Stuff you might like to know about Bombardier Can-Am motorcycles:
  • TnT stands for "Track N Trail"
  • ASE stands for "Air-cooled Single Shock Enduro"
  • Early MXer's (through the MX-3 model) used oil injection instead of premixing. The backbone of the frame served as the reservoir, with a fill hole and dipstick located just behind the steering head. The Mikuni oil pump was locked in the "full on" position and regulated only by engine RPM.
  • TNT's and Qualifier models also used oil injection (through the Qualifier II). On these dual-sport and enduro bikes, the throttle cable split into a "Y" at midpoint so that the oil pump was regulated by both RPM and throttle position. They used the same backbone reservoir as the MX bikes. Although the injection system offered longer engine life and proved itself to be reliable, there appeared to be a great deal of public skepticism about 2-stroke race bikes with oil injection systems. Later MX and Qualifier models dropped the system and went back to pre-mixing.
  • All Can-Am's up to 276.7cc used rotary valve engines. The carburetor was located near the rear of the engine with a long intake manifold carrying the air/fuel mixture to the left side of the motor where the rotary valve regulated the flow. This is what allowed these high output engines to have such a wide range of usable power. The rotary valve timing was different between MX and enduro models (cut and positioned differently on the crankshaft).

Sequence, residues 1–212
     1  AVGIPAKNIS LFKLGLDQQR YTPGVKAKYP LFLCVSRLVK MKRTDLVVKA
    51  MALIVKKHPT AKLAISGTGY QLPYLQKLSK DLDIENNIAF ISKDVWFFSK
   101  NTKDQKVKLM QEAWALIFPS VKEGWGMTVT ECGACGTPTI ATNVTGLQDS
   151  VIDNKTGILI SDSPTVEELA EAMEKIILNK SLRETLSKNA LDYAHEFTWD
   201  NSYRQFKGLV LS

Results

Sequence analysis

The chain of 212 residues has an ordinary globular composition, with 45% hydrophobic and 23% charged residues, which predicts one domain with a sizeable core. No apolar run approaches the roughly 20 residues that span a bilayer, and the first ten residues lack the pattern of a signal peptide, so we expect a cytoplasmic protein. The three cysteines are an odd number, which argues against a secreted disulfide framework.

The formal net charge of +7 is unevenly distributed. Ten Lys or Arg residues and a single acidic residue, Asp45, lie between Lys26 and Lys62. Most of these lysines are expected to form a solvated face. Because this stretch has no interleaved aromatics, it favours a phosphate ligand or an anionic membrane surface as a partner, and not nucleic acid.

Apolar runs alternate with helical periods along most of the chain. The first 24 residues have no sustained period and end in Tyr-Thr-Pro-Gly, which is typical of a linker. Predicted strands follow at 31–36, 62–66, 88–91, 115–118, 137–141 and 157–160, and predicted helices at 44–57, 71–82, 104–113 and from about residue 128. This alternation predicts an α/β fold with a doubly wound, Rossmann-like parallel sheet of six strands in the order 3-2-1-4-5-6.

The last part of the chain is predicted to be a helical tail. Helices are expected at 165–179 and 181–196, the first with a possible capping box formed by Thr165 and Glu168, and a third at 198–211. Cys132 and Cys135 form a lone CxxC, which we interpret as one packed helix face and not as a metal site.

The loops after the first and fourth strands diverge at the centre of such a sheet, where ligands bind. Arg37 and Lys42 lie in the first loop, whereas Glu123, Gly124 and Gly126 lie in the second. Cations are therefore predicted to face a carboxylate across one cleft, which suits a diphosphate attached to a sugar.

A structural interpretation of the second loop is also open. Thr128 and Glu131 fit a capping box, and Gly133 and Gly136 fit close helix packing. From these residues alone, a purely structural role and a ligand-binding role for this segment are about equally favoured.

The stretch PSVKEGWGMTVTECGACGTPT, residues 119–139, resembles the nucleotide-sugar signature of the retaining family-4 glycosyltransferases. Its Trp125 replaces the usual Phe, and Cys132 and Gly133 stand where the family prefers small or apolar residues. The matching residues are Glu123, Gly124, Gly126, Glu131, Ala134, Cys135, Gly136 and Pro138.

• The 370 and 400 engines used reed valves which were fit into the case halves.
  • Early models "breathed" air from a gap between the rear of the seat and the top of the rear fender. Later models took in air from the steering head area and tunneled it through the frame backbone to the airbox located under the seat. With either design, these motorcycles could be ridden through extremely deep water crossings without flooding out.
  • On MX1 - MX4 models, the steering head angle could be adjusted by reversing or replacing the steering head bearing cups.
  • MX6a models had S&W rear shocks as standard, with remote reservoir Ohlins as an option for $150 extra. Ohlins became standard on the b model.
  • Most MX models came with lighting coils – just in case.
  • The rotary valve Qualifier III 350 was only 276.7cc. Basically it was a 250 bottom end with a 76mm bore.
  • CanAm's were originally made in Canada by Bombardier (the Ski-Doo snowmobile company). Later models, 1983 - 1987 were made by Armstrong/CCM in England.
  • In 1978 CanAm changed the bore and stroke on the 250 from 74mm X 57.5mm to 72mm X 61mm in order to widen the powerband. This initally affected only the MX-4 models but the later Qualifiers are also long strokes.
  • It's rumored that Rotax has only had one reported case of a failed Mikuni oil pump, and that was due to the fact that the owner was running 80W gear oil in the injection resivor instead of 2 cycle oil.   
  • MX-1 250's have so much power that it's hard to get traction.  Some riders have been known to detune the early 250's in order to get them to "hook up." 
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